After fishing these small streams for many years one thinks he knows everything about angling for these small but beautiful trout that live in these streams. That's why I love fishing these streams, because there's always a new pitch thrown at you and it's a new game.
Last Tuesday I fished a stream, a typical small stream that I was familiar with. Well four hours of angling netted me one bump. I could not explain this happening, so I didn't dwell on it for long and accepted the loss of fish to hand was my sloppy fishing, or the wrong flies were used.
Yesterday's forecast was for a partly sunny day with temps in the low forties, with the winds picking up and the temps then dropping back to the thirties. The next four days are to be cold.
So with that brief window of not to bad conditions, I had a bowl of hot oatmeal and left for a small stream. It's a stream I'm familiar with, and with the rains of the day before was a bit off color and slightly high.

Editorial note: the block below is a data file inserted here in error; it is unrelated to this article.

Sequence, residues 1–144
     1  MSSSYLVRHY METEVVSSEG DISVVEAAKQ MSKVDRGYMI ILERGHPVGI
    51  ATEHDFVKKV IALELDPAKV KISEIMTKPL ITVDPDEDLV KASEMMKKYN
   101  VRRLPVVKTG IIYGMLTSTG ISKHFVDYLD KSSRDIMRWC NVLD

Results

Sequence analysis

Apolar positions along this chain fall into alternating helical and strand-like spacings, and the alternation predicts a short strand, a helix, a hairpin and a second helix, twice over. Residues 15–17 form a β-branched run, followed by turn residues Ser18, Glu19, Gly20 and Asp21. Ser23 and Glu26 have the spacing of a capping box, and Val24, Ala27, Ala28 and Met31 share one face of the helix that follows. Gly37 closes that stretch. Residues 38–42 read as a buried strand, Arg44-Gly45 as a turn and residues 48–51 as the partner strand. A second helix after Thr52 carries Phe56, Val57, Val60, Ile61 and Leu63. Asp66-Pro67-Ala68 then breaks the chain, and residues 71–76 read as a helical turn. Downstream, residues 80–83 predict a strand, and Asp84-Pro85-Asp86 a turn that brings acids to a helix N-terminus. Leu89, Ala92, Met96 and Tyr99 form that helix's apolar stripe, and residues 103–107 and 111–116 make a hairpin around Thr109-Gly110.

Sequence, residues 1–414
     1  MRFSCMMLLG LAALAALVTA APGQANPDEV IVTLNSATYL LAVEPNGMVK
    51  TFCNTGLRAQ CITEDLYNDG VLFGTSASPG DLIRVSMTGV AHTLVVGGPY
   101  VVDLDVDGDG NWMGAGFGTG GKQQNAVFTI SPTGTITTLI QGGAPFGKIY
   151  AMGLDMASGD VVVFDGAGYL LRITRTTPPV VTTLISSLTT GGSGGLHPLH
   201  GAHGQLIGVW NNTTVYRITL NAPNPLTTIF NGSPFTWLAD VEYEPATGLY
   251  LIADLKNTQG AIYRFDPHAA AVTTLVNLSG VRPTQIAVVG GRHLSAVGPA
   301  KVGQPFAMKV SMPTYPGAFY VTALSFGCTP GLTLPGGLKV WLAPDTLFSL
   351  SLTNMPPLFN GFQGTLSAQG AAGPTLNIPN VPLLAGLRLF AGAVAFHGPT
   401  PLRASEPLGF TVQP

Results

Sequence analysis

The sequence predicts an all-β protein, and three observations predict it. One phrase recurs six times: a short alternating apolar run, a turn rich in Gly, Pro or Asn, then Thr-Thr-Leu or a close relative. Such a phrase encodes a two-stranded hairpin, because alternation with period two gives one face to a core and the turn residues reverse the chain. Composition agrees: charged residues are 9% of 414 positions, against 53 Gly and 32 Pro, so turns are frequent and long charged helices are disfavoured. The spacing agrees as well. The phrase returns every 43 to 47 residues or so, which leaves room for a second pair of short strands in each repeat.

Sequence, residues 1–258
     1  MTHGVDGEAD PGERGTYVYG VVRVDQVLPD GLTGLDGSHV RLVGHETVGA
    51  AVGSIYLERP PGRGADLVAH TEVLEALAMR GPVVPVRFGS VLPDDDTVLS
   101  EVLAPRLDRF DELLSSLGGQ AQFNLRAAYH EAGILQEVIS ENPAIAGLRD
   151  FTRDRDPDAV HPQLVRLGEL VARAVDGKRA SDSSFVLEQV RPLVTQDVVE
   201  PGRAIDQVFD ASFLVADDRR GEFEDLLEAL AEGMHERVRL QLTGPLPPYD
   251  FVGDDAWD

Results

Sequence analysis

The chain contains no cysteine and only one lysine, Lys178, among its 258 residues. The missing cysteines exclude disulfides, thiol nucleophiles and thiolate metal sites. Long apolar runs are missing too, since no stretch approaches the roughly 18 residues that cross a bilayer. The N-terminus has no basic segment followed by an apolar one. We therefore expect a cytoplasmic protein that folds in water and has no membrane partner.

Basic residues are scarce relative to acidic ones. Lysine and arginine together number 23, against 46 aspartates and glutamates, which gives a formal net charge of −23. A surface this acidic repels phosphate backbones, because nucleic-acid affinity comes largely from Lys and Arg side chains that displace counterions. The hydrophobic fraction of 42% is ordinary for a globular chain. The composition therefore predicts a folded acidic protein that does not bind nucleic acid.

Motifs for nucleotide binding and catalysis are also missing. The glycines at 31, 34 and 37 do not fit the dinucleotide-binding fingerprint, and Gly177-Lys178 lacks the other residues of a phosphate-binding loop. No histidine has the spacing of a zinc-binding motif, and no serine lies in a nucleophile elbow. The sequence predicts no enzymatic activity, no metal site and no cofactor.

Tying on a staple fly, one that has served me well, I sent it off on a drift into a fishy looking pool. The fly worked well, covering several areas where a trout would hold. Cast after cast into that pool brought nothing. Moving down the stream and casting into several places that have brought some interest in the past produced the same no interest. About this time the sky got cloudy, the wind picked up and all of a sudden, rain, snow and sleet. All three whipping into my face and stinging like wasps. At that time the sound of trees making noises as if there were a herd of elephants running through the woods. Taking cover as best I could I waited out the outburst of nature. Several minutes later the precipitation stopped and the sun returned.
I resumed fishing, changing where I presented my fly, which was a shallow rifle at the head of a deep pool. It was there in the middle of the riffle as the fly began to swing that the trout struck. I pulled back in the attempt to set the hook and pulled the fly away. Seeing I had lost the trout I sent the fly drifting down stream. A second or two later the fish hit and was on. The two weight did its job and a lovely wild brown was at hand.
That same riffle also gave up a brookie, which hasn't happened very often.
Another lesson learned.
The trout were in this run, about midway. The deep pool where I assumed them to be is just behind the fallen branches.
These two guys were apparently feeding on something that was moving in the riffle.
Well with a not to promising weather forecast for the next few days, I'll guess it's more time at the desk.